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Antibacterial peptides are short strings of amino acids that the body uses to kill infectious bacteria. They are part of the body's innate immune response, so they are non-specific in their action. Sometimes these peptides are called antimicrobial peptides, because they are capable of killing other organisms like viruses and fungi, as well as tumor cells.
On average, antibacterial peptides consist of chains of just 15 to 45 amino acid residues. They are acidic, so they have a positive charge. The size and charge of these peptides have important implications for their role in immunity. Manufacturing these peptides inside of immune cells can take place quickly due to their small size. This allows the body to create large numbers of peptides to fight large numbers of rapidly dividing bacteria.
Most bacteria have a negatively charged cell membrane. Antimicrobial peptides, having a positive charge, are therefore attracted to them. The body's host cells have surface cholesterol that causes them to be neutral, so these peptides do not target them.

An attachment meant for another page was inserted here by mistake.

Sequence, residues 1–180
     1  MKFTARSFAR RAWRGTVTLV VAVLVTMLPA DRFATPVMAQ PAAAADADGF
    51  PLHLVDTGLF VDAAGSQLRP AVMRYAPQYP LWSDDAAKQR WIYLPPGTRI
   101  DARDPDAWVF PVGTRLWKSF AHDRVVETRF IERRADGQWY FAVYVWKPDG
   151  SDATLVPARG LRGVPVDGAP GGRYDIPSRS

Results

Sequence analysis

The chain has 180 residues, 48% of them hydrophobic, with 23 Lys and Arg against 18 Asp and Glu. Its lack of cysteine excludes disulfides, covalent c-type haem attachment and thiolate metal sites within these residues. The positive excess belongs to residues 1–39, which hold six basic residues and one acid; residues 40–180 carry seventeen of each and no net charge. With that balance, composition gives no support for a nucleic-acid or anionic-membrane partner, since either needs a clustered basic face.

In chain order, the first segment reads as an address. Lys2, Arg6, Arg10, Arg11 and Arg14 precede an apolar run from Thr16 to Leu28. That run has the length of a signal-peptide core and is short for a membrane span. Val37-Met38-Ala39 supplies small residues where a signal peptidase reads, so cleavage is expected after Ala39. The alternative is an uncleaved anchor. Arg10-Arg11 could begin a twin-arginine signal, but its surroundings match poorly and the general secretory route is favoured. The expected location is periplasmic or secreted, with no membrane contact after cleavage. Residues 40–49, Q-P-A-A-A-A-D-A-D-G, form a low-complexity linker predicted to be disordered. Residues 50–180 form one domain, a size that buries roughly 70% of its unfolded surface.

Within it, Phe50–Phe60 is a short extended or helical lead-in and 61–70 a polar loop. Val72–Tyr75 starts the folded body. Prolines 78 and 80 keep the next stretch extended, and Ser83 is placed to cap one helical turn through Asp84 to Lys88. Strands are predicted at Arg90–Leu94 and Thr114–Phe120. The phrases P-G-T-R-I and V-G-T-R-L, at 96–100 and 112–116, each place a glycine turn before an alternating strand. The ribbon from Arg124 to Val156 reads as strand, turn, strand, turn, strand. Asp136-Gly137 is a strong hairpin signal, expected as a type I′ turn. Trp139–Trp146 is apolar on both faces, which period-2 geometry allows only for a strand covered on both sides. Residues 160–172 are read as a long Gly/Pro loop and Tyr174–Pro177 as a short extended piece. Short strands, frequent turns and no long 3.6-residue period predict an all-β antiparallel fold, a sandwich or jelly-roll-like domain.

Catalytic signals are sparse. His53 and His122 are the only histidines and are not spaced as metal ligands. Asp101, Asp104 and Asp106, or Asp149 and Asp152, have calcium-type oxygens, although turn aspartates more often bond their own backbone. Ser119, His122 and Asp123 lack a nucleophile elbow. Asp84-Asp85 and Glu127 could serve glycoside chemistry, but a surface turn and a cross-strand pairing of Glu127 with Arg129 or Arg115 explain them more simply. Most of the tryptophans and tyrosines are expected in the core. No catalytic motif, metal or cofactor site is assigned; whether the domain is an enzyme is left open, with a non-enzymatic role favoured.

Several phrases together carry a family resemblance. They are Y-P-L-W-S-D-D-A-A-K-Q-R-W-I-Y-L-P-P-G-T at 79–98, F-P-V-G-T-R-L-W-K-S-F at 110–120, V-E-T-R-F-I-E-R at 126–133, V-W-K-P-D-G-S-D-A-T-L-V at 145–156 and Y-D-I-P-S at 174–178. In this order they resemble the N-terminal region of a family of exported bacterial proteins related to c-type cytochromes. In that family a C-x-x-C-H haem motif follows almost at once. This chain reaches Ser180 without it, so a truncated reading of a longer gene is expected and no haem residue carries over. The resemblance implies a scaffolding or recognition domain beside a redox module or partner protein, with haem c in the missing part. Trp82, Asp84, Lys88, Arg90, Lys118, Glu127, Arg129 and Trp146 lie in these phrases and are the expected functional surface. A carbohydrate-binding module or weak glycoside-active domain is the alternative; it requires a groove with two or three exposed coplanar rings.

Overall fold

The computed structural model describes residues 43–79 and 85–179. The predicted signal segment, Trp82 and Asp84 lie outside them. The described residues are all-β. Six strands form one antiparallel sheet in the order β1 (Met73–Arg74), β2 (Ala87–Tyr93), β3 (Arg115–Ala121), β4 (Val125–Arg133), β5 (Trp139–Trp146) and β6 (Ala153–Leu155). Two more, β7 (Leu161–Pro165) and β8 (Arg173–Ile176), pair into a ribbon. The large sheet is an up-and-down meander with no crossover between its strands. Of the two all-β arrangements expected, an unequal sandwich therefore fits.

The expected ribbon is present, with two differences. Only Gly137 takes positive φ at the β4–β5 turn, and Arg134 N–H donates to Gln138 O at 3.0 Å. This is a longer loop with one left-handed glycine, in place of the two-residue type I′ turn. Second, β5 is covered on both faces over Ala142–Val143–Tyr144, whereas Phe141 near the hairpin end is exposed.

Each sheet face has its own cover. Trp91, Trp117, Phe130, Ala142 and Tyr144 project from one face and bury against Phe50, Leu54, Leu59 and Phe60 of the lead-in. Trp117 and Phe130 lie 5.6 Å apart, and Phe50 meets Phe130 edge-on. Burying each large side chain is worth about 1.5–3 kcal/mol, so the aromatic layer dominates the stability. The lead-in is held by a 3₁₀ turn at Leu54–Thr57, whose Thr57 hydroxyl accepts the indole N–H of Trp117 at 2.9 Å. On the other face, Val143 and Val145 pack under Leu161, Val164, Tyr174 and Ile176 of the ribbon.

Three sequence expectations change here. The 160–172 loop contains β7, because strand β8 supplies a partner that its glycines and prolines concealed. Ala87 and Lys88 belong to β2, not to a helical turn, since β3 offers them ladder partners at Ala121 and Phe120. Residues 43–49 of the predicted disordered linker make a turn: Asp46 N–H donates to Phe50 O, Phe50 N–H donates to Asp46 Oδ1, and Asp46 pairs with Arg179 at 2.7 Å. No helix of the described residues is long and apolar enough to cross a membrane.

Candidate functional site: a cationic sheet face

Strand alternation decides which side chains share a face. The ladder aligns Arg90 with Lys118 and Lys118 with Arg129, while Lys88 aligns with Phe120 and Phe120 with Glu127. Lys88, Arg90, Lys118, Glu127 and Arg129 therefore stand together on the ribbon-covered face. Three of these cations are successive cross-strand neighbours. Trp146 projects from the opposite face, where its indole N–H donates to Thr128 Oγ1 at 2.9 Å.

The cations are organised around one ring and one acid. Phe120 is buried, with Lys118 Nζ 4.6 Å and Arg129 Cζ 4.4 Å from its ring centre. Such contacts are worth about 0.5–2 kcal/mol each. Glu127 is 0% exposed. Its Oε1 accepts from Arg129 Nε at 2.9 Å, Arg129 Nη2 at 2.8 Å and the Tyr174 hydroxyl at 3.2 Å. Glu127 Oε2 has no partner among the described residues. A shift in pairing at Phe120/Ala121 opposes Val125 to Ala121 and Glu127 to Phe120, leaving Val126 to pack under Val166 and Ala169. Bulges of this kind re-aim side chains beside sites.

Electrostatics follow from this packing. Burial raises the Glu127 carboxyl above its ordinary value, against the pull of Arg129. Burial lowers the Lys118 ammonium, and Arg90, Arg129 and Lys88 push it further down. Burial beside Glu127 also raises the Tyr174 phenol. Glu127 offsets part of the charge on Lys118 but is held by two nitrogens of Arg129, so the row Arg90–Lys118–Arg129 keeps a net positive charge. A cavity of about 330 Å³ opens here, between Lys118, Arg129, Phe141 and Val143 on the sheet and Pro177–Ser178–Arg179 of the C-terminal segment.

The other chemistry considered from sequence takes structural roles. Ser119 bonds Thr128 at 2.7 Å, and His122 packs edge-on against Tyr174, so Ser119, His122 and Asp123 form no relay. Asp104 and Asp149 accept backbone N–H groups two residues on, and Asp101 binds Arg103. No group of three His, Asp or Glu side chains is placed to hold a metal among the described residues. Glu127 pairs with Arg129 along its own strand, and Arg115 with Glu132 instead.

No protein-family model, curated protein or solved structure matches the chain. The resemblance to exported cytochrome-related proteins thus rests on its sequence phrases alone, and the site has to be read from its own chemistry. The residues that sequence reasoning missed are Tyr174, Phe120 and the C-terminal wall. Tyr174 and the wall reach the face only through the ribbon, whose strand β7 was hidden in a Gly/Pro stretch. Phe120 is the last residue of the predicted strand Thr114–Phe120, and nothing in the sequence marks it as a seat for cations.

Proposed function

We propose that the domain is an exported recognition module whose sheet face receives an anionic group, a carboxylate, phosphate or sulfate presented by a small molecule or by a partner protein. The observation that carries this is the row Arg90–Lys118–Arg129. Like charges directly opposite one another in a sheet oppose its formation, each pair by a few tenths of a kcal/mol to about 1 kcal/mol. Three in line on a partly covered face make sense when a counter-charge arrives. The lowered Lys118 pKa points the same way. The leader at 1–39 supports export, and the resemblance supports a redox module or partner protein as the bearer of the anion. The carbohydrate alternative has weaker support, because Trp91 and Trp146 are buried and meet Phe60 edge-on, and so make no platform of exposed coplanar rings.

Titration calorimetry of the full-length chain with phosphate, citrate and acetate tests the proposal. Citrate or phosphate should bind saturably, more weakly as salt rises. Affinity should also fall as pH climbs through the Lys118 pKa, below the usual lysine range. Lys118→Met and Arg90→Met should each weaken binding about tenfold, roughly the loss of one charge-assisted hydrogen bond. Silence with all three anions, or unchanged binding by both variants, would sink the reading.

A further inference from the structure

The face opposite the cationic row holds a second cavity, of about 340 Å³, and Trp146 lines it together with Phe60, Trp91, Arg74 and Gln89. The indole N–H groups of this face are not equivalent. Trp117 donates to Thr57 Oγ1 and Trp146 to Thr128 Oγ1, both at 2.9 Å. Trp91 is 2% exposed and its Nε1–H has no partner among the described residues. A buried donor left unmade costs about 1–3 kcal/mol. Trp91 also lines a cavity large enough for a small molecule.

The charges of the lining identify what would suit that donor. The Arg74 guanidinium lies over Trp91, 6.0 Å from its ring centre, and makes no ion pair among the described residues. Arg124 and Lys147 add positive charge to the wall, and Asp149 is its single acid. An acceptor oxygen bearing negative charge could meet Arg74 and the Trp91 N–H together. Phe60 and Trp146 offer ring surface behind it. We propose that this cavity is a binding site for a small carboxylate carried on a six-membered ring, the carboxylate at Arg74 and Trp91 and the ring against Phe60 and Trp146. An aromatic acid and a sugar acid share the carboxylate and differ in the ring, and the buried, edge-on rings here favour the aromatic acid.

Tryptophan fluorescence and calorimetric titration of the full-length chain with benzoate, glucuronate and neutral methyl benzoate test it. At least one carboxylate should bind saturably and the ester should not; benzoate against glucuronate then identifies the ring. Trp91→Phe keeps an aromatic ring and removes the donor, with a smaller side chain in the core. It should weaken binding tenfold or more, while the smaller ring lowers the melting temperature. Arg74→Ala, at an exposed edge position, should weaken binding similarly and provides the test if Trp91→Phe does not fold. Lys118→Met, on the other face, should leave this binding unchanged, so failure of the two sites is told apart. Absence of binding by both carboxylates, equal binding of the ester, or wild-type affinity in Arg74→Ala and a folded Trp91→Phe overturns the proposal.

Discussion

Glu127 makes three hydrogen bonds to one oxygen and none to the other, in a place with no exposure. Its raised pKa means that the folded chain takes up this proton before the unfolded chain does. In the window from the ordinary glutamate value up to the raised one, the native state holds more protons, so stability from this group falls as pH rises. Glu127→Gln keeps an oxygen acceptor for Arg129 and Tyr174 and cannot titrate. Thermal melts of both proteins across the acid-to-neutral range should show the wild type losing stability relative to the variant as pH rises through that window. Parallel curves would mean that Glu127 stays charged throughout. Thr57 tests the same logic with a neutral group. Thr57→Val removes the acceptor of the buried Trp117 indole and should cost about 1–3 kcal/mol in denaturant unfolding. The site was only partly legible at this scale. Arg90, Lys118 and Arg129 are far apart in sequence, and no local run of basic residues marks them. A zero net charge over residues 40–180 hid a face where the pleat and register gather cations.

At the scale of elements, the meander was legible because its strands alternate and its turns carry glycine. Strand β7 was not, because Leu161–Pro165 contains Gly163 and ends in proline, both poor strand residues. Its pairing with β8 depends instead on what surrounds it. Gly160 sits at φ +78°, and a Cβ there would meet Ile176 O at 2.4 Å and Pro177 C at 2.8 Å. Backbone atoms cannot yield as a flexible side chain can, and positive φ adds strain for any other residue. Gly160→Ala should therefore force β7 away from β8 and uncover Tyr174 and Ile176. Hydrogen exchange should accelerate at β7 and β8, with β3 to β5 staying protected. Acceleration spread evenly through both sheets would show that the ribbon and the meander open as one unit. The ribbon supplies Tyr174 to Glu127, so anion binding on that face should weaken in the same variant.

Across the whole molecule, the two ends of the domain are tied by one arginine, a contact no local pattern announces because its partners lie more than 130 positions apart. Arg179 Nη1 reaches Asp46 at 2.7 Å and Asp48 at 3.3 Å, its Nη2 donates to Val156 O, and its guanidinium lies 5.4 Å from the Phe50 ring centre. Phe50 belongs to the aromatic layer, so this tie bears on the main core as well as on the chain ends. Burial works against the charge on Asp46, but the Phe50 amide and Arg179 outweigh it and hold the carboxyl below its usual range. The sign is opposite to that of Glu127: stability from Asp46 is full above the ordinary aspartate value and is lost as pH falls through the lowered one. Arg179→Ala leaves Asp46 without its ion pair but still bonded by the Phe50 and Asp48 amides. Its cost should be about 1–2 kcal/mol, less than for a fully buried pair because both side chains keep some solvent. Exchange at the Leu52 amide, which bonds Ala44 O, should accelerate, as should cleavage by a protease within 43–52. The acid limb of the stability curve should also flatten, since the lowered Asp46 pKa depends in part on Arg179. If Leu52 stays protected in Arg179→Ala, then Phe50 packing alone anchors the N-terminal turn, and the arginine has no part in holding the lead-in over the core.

Due to their structural differences, antibacterial peptides have many ways of killing bacteria. They may open up pores in the bacterial cell membrane, or they may enter the membrane and act inside. Once inside of a bacterium, these peptides can damage bacterial organelles, prevent DNA replication, or interfere with cell division.
With few exceptions, these peptides always conclude their actions by causing a breakdown of the cell membrane known as lysis. This process destroys the bacteria completely. Many times, these peptides actually have killed the bacteria through other means before lysis occurs, however.
There are other functions that are performed by antibacterial peptides aside from the direct killing of infectious organisms. Peptides can help wounds to heal, cause nearby immune cells to express different genes, or to take certain actions against nearby germs. They may act as signaling molecules that cause immune cells to encourage more cells to arrive at an injury site. All of these actions contribute toward clearing infection from the body.
Bacteria can become resistant to some peptides, just as they can become resistant to antibiotic drugs. Resistance usually takes the form of changes to their cellular surface, making it more difficult for peptides to recognize and attack them. Generally, the body can work past these defense mechanisms, though. There are hundreds of types of antibacterial peptides produced in the body, with slight variations in form and function. Such a variety allows the body to fight off infection even in the face of resistance.